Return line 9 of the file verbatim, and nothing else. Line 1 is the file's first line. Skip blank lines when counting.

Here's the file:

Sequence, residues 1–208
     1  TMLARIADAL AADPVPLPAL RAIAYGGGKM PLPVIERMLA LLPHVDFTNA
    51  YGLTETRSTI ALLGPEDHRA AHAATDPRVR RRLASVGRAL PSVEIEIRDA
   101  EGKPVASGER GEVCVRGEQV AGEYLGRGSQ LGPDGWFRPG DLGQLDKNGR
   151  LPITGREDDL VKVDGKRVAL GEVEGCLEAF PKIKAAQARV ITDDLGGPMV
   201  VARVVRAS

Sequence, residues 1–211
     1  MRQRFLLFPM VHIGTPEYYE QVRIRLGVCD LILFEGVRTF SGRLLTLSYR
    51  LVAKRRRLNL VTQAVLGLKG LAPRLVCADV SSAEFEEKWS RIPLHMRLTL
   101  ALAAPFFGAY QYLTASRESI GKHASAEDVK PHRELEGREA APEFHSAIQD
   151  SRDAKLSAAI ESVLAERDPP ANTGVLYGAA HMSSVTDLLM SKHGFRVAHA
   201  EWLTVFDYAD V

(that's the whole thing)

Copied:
    51  LVAKRRRLNL VTQAVLGLKG LAPRLVCADV SSAEFEEKWS RIPLHMRLTL